Disclaimer. Don't rely on these old notes in lieu of reading the literature, but they can jog your memory. As a grad student long ago, my peers and I collaborated to write and exchange summaries of political science research. I posted them to a wiki-style website. "Wikisum" is now dead but archived here. I cannot vouch for these notes' accuracy, nor can I even say who wrote them. If you have more recent summaries to add to this collection, send them my way I guess. Sorry for the ads; they cover the costs of keeping this online.
Bartels. 1993. Messages received: The political impact of media exposure. APSR 87: 267-285.
Using survey data, political scientists have found that the media's effects on public opinion are "minimal." But this finding is at odds with the opinions of political campaign managers and the findings of experimental research (Iyengar and Kinder 1987). Why are political scientists unable to empirically demonstrate media effects on public opinion?
The problem with assessing media effects is to distinguish the effect of media exposure from the effect of previously held opinions and information. Using a Bayesian updating model allows the weighting of old and new information in people's current opinions. Only new information that contradicts prior opinions can produce observable opinion change in direct proportion to the strength (uncertainty) of the prior opinions.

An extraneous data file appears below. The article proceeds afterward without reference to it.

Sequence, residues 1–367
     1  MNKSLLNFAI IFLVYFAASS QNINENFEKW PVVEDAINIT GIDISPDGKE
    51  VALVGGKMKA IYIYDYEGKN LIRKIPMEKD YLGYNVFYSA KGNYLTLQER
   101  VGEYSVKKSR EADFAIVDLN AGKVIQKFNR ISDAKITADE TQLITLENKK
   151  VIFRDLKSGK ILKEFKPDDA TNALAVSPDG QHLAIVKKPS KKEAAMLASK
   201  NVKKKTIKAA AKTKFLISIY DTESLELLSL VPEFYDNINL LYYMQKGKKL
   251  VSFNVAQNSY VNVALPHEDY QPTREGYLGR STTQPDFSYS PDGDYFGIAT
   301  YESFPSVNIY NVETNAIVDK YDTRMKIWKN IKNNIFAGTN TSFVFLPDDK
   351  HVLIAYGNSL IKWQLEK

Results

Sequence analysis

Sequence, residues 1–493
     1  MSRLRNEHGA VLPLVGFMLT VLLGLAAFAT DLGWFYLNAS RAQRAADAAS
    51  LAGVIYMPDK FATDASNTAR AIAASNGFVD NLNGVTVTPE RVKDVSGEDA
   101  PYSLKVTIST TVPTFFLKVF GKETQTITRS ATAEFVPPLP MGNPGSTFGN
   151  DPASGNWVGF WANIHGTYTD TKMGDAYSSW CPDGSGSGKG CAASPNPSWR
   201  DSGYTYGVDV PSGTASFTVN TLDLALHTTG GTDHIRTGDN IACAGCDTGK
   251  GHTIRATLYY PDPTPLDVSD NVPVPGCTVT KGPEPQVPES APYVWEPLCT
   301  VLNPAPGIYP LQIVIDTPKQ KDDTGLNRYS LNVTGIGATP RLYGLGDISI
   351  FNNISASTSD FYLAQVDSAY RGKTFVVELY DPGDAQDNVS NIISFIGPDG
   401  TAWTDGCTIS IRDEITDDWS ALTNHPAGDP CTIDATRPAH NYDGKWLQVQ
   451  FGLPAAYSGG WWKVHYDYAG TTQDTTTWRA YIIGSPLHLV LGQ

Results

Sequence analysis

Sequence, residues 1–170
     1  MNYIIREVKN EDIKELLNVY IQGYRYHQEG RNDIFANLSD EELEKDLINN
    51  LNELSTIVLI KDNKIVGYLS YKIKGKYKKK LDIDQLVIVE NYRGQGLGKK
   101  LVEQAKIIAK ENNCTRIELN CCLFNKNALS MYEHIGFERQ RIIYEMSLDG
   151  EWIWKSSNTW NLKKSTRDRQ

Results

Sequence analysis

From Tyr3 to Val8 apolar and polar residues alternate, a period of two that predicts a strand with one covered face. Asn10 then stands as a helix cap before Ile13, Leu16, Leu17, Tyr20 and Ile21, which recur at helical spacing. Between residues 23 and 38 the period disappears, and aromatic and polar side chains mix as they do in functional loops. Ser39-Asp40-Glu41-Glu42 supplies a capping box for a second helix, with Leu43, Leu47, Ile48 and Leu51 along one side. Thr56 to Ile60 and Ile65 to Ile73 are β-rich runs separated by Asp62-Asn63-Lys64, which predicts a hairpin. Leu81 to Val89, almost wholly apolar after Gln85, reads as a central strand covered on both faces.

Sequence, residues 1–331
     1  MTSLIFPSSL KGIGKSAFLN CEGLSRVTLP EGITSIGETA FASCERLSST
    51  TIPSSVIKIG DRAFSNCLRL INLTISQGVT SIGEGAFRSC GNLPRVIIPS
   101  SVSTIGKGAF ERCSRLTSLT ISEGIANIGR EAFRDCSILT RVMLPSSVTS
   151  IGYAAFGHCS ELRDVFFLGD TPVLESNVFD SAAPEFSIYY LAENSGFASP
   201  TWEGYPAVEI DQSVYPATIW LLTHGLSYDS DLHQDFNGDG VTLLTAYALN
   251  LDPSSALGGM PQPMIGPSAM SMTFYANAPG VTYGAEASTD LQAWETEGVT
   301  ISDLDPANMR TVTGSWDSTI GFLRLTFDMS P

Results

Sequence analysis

Uses 1980 NES data where a panel of respondents was interviewed at three time points: right before the presidential primary season, between the end of primary season and the national nominating conventions, and during the first month of the general election campaign.
This repeated measurement allows Bartels to estimate the magnitude of measurement error using a variant of the Wiley and Wiley model, and then incorporates this measurement error into errors-in-variable parameter estimates. He then compares a simple OLS model's estimates with the errors-in-variables estimates.
The OLS estimates of media impact were substantially smaller than the errors-in-variables estimates of media impact, suggesting that the failure to account for measurement error was responsible for some of the "minimal effects" results of earlier studies.
Also, allowing for the effects of measurement error shows that opinions are much more stable over the course of a campaign season than previously thought. This means that new information from the media must compete with a much greater mass of prior information than the earlier studies supposed.
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